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|Title:||Drought stress on early growth of Diospyros mespiliformis Hochst ex A. Rich in Jega, Northern Nigeria|
|Authors:||Olajuyigbe, S. O.|
Jimoh, S. O.
Adegeye, A. O.
Mukhtar, R. B.
|Publisher:||Ecological Society of Nigeria|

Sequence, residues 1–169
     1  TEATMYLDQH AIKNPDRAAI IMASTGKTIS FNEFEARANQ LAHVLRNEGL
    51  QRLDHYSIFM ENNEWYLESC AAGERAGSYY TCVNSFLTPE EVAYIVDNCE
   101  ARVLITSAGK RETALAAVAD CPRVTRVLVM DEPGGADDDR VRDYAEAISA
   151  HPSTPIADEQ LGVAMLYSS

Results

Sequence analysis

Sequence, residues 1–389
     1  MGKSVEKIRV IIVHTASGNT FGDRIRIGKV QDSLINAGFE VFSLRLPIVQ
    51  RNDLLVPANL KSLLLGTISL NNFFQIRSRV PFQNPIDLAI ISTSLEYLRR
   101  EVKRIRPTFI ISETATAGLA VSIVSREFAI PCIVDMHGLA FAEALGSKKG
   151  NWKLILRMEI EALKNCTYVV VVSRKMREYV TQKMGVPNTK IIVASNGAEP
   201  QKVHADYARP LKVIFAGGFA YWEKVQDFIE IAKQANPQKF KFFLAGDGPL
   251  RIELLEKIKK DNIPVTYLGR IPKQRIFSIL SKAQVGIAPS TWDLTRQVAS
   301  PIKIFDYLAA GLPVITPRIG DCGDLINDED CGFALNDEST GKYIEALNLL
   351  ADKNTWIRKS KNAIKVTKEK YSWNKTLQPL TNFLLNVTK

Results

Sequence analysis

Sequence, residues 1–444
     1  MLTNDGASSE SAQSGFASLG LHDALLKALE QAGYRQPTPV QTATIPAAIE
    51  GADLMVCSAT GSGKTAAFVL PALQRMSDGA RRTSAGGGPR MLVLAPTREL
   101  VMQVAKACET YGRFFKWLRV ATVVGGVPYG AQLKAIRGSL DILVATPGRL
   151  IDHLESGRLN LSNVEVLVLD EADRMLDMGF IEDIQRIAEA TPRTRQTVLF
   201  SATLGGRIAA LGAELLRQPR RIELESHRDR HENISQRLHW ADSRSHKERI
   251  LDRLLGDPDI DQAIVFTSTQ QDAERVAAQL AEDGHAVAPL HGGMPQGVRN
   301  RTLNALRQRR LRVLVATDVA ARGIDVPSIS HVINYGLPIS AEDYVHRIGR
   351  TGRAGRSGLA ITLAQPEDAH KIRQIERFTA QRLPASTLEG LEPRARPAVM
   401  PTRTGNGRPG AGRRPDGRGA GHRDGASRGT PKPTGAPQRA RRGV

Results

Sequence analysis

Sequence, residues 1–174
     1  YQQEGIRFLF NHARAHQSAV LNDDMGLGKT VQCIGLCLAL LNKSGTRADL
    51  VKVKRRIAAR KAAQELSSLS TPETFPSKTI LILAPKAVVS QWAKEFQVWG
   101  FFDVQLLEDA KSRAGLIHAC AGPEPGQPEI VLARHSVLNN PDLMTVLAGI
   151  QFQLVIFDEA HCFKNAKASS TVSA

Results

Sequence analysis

|Abstract:||Trees face rising drought stress and mortality with global warming and it is vital that adequate information is available on the tolerance levels of tree species. In 2012, seedlings of Diospyros mespiliformis Hochst ex A. Rich were evaluated for response to varied levels of water availability at the Aliero Teaching and Research Farm, Kebbi State University of Science and Technology, Jega, Kebbi State, Nigeria. Twelve uniformly growing potted seedlings were selected and exposed to four watering frequencies (daily, once in three days, weekly and fortnightly) in a screen house. For each watering event, 200 ml of water was administered to the soil of each potted seedling. Seedling height and collar diameter were measured, while number of leaves were counted fortnightly for 16 weeks. The data were analysed using descriptive statistics and analysis of variance, at p<0.05 level of significance. A hundred percent survival rate was observed in all treatments. Seedlings that were watered daily had the highest height (13.53 ± 2.66 cm) and collar diameter (3.41 ± 0.44 mm). The treatments resulted in 283%, 133%, 98% and 125% increase in height, as well as 100%, 89%, 57% and 40% increase in collar diameter of seedlings watered daily, once in 3 days, weekly and fortnightly, respectively. Time of experiment had a significant influence on the height and collar diameter growth of seedlings in the four treatments while watering frequency only had a significant effect on collar diameter of the seedlings, after 16 weeks. However, posthoc analysis showed that only the collar diameter of daily watered seedlings differed from other treatments. Although, delayed watering reduced the rate of growth, it did not hinder it. The least watered seedlings had the lowest number of leaves (6) after 16 weeks. The study showed that fortnight supply of water was sufficient for the early growth and development of D. mespiliformis seedlings. The apparent drought tolerance of the species may be an indication of a good candidate species for plantation establishment under dry and warm conditions which are imminent in the event of climate change|
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